Drama Desk Award Outstanding Revival of a Musical Nominated [71]
Outstanding Featured Actor in a Musical Brandon Uranowitz Nominated
Outstanding Featured Actress in a Musical Stephanie J. Block Nominated
Outer Critics Circle Award Outstanding Actor in a Musical Christian Borle Nominated [72]
Outstanding Featured Actor in a Musical Andrew Rannells Nominated
Outstanding Featured Actress in a Musical Stephanie J. Block Nominated
Drama League Award Outstanding Revival of a Broadway or Off-Broadway Musical Nominated [73]
Distinguished Performance Christian Borle Nominated

2019 Off-West End[edit]

Year Award Category Nominee Result Ref.
2020 Offie Award Male Performance in a Musical Daniel Boys Nominated [74]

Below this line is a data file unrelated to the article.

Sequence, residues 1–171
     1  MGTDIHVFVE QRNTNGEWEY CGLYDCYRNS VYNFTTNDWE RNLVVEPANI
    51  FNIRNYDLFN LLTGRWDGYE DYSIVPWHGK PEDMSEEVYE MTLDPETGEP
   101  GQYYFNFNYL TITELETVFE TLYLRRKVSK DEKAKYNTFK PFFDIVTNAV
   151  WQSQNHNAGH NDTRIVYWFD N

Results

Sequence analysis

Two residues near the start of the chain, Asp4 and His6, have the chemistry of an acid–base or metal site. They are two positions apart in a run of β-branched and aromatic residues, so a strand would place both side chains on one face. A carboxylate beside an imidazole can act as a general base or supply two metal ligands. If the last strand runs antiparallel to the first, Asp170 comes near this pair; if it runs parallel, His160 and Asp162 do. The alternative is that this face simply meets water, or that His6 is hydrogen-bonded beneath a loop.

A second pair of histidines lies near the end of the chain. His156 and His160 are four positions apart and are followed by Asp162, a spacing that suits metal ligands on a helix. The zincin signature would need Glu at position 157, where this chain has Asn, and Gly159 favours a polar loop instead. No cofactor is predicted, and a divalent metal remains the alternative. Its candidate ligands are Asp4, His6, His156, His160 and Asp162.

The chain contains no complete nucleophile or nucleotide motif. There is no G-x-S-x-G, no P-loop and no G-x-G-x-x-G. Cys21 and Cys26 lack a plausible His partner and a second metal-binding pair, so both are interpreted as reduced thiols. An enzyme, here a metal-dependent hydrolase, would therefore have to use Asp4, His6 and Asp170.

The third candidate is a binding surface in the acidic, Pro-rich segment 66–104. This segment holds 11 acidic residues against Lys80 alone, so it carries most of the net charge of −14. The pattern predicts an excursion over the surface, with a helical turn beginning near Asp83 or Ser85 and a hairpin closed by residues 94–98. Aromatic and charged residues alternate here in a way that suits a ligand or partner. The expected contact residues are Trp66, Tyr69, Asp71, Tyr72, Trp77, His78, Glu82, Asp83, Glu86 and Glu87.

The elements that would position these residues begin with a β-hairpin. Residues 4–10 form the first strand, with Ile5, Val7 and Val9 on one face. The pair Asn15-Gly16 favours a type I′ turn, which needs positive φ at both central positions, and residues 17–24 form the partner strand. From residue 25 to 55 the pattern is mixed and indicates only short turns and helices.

Male Performance in a Supporting Role in a Musical Oliver Savile finalist


  1. ^ a b Dietz, p. 88
  2. ^ "Theater: In Trousers" Archived 2019-04-19 at the Wayback Machine, The New York Times, March 4, 1981, p. C20
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  • Dietz, Dan. "The Complete Book of 1990s Broadway Musicals". Lanham, Maryland: Rowman & Littlefield Publishers, 2016. ISBN 978-1442272132
  • Miller, Scott. "You Could Drive a Person Crazy: Chronicle of an American Theatre Company". Bloomington, Ind: iUniverse Publishers, 2002. ISBN 978-0595263110
  • Sternfeld, Jessica. "The Routledge Companion to the Contemporary Musical". Abingdon-on-Thames, England: Routledge, 2019. ISBN 978-1138684614

External links[edit]